Jason Cook, former manager of Bill the Butcher’s Magnolia store, says even collecting unemployment benefits took extra weeks because the company had not been filing the required reports. Financially, he says, “The several months that I was out of work really set me back.”

Owens did not respond to the lawsuit. Superior Court Judge Samuel Chung ruled in February that with pay, damages and interest, the 11 employees are owed $76,453.

His ruling says Owens acted “to divert the funding paycheck from the payroll account” to another under her sole control, then “refused to pay the wages … (and) ceased responding to requests from her corporate managers.”

The employees’ Seattle attorney, Michael Jacobson, has not been able to locate Owens or any assets to seize. Cook, likewise, reports “no luck in collecting what I’m owed.”

Curtis, whose family of five relied on that check for their monthly mortgage payment, says she had qualms about spending on a lawyer to pursue the case. But she decided, “It was the principle — ‘You took money from us that we worked hard for.’ I need to do this.”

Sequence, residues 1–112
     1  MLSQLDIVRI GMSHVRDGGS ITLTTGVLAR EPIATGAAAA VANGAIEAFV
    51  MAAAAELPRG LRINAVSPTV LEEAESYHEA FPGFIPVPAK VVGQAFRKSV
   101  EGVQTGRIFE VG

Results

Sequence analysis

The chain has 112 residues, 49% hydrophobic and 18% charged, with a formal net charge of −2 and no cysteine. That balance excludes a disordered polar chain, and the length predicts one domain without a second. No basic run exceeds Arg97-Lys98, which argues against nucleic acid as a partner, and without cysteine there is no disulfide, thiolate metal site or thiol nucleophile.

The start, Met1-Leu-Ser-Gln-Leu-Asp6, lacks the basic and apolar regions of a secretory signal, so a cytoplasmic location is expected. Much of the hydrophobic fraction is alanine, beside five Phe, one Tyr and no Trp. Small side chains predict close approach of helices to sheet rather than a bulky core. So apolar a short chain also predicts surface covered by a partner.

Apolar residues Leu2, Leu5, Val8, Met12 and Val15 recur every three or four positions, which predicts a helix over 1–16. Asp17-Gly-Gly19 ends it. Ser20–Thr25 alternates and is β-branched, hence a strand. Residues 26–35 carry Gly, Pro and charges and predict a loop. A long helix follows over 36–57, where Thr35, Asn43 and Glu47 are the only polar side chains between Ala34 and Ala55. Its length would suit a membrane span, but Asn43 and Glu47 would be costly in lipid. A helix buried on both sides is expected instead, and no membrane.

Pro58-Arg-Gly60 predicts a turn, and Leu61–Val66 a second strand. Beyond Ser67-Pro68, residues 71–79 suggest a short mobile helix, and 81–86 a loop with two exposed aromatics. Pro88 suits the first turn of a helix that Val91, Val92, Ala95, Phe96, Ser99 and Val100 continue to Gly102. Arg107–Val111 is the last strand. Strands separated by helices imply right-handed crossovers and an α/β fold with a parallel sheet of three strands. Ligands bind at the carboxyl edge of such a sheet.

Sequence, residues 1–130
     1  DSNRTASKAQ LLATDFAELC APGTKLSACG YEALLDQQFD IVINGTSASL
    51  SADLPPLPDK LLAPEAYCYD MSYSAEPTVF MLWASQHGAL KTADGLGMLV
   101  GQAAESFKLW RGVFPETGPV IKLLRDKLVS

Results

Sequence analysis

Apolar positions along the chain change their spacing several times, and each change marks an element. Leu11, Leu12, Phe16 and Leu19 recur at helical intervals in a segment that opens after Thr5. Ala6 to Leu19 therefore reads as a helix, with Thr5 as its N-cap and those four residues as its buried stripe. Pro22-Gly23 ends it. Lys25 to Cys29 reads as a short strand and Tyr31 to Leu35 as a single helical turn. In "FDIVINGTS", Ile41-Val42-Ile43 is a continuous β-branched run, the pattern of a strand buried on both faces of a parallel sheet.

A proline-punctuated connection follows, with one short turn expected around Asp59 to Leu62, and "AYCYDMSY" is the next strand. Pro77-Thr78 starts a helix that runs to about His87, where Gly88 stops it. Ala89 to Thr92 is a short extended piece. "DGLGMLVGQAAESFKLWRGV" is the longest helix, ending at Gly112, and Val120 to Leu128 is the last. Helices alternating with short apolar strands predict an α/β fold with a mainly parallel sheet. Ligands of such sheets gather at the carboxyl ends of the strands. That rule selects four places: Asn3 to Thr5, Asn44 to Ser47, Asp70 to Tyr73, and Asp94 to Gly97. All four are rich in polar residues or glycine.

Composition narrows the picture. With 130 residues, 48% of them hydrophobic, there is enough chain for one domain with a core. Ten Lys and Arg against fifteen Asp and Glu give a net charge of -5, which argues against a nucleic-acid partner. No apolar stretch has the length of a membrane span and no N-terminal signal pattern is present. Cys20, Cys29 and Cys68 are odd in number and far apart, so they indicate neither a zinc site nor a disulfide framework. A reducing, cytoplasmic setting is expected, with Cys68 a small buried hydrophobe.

Shaw says the dilemma is that to hunt further for Owens, “we would have had to shell out more money.”

The employees remain hopeful that someone who knows where Owens might be will get in touch with their attorney.

Meanwhile, the betrayal by a boss who espoused all sorts of commitment to better food and wholesome living still stings.

Says Curtis: “This woman, our leader, stole from us.”

— Rami Grunbaum:

Tech firms eager to recruit at UW

It was nearly impossible to walk unimpeded through the huge atrium of the University of Washington’s computer-science building Wednesday. The space had been taken over by dozens of booths run by companies hungry for engineering talent, and hundreds of students were there to meet with recruiters.

The event is a twice-annual recruiting day held by the Department of Computer Science & Engineering. This fall, 59 companies set up swanky booths manned with teams of recruiters to try to catch the attention of potential hires.

Bader Tayeb, a 20-year-old sophomore in the computer-science department, said he had always thought he would need to go out and search for jobs. But it’s proved to be a bit different from what he imagined.